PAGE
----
Maxed-out point guard Jamal Murray’s been holding up his end of the bargain since returning from a left ankle sprain, averaging an efficient 22.5 points and 5.4 assists per game over his past 11 outings. Barton, Jerami Grant (who’s been great in an elevated role filling in for Paul Millsap), and defense-first wing Torrey Craig have found their strokes, too, while Morris continues to be one of the league’s most responsible offensive stewards, posting an eye-popping 5.21-to-1 assist-to-turnover ratio this season.
Denver’s chances of spoiling an L.A. vs. L.A. showdown in the West finals many have been predicting since July could come down to how effectively Malone can coax contributions out of two of his most lopsided perimeter pieces. Gary Harris remains an excellent defender, and likely Malone’s first line of defense against the ace guards Denver could face in the postseason. But while Harris was once tabbed as one of the best young two-way shooting guards in the NBA, he has spent much of the past two seasons battling injuries and a disappearing offensive touch. He’s shooting a career-worst 40.7 percent from the floor and 31.6 percent from 3-point range, and has seen his usage rate plummet as his woes worsen.
It’s become nearly impossible for one-way players to survive in the NBA playoffs. Harris has shown signs of life lately, shooting 10-for-22 from deep since the trade deadline. But if the thaw doesn’t last, how long will Malone be able to roll with Harris in a series against what’s likely to be a damn good opponent? For his part, the coach continues to exude confidence: “We will not be the best team that we can be if we don’t find a way to get Gary going. I think he is well on his way to getting back to the player that we all know he is capable of being … and I have no doubt that he can get back to that. That’s how much I believe in him.”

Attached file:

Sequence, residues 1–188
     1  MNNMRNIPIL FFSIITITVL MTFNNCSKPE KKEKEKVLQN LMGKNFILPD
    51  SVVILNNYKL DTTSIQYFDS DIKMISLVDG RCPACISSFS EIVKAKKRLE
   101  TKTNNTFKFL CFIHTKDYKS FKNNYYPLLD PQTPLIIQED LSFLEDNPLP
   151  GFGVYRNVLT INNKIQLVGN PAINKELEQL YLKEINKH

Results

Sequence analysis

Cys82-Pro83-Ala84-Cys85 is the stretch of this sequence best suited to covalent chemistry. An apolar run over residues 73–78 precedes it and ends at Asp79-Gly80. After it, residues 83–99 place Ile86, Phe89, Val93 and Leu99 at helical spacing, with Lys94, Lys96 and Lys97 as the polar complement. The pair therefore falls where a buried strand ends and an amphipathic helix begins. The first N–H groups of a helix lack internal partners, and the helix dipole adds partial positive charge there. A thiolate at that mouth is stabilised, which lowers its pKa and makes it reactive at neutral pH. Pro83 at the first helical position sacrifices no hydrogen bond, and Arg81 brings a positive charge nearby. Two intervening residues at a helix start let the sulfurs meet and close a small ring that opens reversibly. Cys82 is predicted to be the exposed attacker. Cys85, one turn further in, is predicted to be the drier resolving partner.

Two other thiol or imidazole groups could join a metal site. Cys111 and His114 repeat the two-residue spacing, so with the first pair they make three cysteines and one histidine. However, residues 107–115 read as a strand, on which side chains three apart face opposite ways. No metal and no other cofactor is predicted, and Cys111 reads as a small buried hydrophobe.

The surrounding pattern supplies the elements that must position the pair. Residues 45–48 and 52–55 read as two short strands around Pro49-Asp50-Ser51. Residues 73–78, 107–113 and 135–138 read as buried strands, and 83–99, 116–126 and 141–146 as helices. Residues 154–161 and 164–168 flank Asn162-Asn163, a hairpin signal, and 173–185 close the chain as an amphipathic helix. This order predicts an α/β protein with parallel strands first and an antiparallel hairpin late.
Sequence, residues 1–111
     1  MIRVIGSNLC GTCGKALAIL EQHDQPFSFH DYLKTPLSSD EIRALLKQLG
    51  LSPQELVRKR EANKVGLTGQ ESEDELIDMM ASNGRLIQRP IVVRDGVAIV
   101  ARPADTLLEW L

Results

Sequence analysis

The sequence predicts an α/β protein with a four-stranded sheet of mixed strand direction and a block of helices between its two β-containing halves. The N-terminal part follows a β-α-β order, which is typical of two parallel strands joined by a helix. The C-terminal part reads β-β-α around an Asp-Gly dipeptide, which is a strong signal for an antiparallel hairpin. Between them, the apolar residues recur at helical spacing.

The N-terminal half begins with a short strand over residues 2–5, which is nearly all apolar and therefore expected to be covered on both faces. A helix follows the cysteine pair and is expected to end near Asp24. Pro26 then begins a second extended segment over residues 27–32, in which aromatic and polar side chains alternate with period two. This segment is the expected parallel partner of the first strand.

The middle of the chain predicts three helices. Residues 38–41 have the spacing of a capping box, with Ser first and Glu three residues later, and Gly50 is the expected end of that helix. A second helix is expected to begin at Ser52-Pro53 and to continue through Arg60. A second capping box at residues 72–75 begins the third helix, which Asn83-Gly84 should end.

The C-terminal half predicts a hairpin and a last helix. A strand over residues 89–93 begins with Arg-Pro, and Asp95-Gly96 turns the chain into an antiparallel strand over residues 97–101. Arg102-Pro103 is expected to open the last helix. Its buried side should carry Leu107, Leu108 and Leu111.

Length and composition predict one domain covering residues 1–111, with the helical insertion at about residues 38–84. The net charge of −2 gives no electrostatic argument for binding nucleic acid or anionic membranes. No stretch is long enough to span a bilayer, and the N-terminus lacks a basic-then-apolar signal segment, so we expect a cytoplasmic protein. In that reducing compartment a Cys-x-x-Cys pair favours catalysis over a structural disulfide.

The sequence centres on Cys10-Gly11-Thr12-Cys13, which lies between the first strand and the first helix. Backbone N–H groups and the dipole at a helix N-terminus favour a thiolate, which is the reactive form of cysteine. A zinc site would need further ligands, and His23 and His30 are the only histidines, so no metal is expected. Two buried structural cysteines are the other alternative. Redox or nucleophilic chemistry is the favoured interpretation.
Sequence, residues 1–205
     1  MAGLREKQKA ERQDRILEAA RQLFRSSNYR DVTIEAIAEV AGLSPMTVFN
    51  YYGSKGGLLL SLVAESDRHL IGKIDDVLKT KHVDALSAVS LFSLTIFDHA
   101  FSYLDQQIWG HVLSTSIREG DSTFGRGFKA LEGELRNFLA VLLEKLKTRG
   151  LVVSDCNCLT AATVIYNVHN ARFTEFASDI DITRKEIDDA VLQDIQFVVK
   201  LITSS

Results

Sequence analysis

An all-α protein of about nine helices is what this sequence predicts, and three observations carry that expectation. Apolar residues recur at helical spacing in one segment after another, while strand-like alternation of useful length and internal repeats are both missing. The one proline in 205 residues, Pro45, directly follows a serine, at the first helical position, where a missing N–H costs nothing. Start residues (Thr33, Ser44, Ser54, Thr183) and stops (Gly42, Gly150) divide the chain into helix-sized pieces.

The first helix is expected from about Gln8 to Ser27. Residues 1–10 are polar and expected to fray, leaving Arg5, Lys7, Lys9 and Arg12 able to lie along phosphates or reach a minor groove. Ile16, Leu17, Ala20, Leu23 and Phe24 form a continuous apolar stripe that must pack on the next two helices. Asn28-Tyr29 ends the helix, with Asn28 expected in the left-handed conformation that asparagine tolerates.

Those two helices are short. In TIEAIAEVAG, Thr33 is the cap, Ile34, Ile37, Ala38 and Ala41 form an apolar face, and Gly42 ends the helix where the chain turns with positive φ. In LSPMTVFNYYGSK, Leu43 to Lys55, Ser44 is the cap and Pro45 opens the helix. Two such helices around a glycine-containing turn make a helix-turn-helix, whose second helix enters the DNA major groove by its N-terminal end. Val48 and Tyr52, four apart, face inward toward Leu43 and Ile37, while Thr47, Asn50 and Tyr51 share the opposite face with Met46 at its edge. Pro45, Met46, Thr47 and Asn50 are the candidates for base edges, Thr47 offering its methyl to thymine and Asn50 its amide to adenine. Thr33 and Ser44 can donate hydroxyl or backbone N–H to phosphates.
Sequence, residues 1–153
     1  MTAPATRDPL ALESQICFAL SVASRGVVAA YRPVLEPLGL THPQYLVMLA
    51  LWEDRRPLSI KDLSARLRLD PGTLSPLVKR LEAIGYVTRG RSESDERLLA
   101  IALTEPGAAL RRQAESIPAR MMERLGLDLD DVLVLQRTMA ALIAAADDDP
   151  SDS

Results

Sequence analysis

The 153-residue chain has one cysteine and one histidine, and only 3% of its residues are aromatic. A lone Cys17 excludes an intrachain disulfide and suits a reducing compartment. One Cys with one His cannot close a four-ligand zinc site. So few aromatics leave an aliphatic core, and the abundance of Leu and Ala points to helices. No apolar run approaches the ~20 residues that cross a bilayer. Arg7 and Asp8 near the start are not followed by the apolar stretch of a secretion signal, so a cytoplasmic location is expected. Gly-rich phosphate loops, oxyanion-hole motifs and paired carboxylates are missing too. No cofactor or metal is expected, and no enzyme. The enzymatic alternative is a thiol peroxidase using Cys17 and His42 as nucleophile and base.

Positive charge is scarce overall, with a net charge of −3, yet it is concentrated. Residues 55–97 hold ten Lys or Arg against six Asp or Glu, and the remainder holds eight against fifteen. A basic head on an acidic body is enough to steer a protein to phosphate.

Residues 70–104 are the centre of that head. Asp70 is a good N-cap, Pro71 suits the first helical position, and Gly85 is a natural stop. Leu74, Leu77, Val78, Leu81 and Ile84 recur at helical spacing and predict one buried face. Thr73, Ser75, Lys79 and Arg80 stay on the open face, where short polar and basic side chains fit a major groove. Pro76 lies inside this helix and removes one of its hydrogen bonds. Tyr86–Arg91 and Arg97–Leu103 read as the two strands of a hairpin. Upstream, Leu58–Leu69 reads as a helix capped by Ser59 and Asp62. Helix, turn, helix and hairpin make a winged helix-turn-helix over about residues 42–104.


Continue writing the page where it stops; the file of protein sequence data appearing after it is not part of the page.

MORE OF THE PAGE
While Harris has spent five years building equity with Malone, rookie forward Michael Porter Jr. has all of 45 NBA games and 638 professional minutes on his résumé. His cover letter includes stuff like this, the kind of youthful exuberance, athleticism, and innate scoring touch that you could imagine swinging a few important sequences in the postseason: